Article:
Investing in early stage businesses is a high-risk investment strategy and might result in you losing all of your capital. To help you understand some of the risks involved in investing in the Force Over Mass Capital SEIS/EIS Fund (the “Fund"), we have set out what we believe to be the most significant; though please note this list is by no means exhaustive. Given these risks, we strongly recommend all of our investors to seek independent financial and tax advice before investing.
Loss of Capital. This Fund invests in early-stage, unquoted companies. Most early-stage businesses fail. Investments in early-stage technology businesses are widely acknowledged as particularly high-risk. You should not invest more money than you can afford to lose without altering your standard of living.
Illiquidity. An investment in the Fund will be highly illiquid and should be considered a medium to long-term investment. It is very unlikely that there will be a secondary market for the shares of the Fund’s investee companies. Therefore, you are unlikely to be able to sell your shares until and unless the investee company floats on a securities exchange or is purchased. This is unlikely to occur for a number of years from the time you invest.
Valuation difficulties. The fact that shares in investee companies are, in general, not publicly traded or freely marketable may mean that proper information to determine the current value of investments will not be available. The figures we provide to investors in respect of implied profit, implied returns and the value of their investments are obtained by taking the value of each investee company in which the Fund has invested at the last investment round. There is no guarantee that such value is correct nor that investors will be able to realise their investment in an investee company at that value if they are able to realise their investment at all.
Returns and investment opportunities. The value of your investment in the Fund depends on the performance of investee companies and other market, currency, regulatory, economic and political factors outside your control. There can be no assurance that the Fund will meet its objectives or that suitable investment opportunities will be identified.
Realisation of investments. There can be no guarantee that market conditions will be advantageous for the realisation of the Fund’s investments. This may delay or prevent the targeted exit. Such investments may not be realised at a reasonable price or, in some circumstances, at any price. Further, the information necessary for calculating the current value of the Fund’s investments may not be available.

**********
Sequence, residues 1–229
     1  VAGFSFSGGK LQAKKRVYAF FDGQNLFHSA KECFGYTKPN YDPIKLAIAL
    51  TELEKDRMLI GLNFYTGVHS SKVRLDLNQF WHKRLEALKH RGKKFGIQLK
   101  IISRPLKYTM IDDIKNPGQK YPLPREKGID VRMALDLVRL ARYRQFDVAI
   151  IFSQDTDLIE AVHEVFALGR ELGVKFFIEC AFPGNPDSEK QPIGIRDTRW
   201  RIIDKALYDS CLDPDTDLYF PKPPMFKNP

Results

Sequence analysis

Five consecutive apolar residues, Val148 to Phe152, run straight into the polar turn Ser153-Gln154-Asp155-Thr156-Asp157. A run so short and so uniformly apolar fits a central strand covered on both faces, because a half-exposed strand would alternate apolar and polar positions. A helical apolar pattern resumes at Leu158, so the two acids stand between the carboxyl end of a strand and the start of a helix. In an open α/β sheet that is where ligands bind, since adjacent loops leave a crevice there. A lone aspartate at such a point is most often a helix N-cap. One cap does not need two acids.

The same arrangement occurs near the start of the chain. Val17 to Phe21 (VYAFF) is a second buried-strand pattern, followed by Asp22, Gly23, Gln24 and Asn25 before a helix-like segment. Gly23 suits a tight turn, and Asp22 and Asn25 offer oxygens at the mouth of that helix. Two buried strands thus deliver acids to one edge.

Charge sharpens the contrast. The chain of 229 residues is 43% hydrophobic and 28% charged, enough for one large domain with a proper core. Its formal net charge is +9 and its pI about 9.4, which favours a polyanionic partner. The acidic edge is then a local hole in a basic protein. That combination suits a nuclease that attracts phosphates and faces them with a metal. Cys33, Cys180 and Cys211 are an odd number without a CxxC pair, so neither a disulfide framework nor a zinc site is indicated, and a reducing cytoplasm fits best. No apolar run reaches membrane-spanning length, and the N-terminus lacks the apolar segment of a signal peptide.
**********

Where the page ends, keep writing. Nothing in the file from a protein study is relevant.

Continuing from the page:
SEIS/EIS relief. If an investee company ceases to carry on business of the type prescribed for SEIS/EIS qualifying companies during the 3-year holding period, this could prejudice its qualifying status. If it fails to obtain SEIS/EIS qualifying company status, or if it is subsequently withdrawn, SEIS/EIS income tax relief and capital gains tax deferral/wipe-out relief could be withdrawn or cease to be available. In addition, there are several circumstances in which an investor could cease to qualify for the tax reliefs offered by SEIS or EIS, meaning that this tax could become payable. Whilst it is the intention of Force Over Mass to invest in companies qualifying under EIS and/or SEIS legislation, Force Over Mass cannot guarantee that all Fund investments will qualify for all EIS and SEIS tax reliefs or, indeed, if they do initially, that they will continue to do so throughout the life of the investment
Fees. Although HMRC has traditionally accepted the payment of corporate finance fees and commission to fund managers out of SEIS and EIS monies as being a qualifying use of such funds, this interpretation might change. There is therefore a risk that the payment of a 10% corporate finance fee to Force Over Mass by investee companies might jeopardise their SEIS and EIS qualifying status.
Force Over Mass Key Persons. The ability of Force Over Mass to introduce suitable investment opportunities will depend upon the services of its key personnel and accordingly the loss of the services of these key persons could have a material adverse effect on the performance of the Fund’s investments.
Management team. Many unquoted companies have small management teams and are highly dependent on the skills and commitment of a small number of individuals. The departure of any directors and/or key employees could have a material adverse effect on an investee company’s business.
Minority interest and co-investment. The Fund will co-invest in many companies alongside other investors, other larger venture capital funds and angel investors. Where the Fund is not the lead investor, Force Over Mass’ ability to dictate investment terms with investee companies is limited. All investors’ interests are generally aligned but Force Over Mass might not always be in a position to influence investee company actions nor those of its co-investors. This might restrict Force Over Mass’ ability to bring about an exit for the Fund’s investors after 3 years provided or in some cases lead to the Fund’s investors being forced to exit before they have held the shares for the 3 years hardening period for EIS and SEIS relief.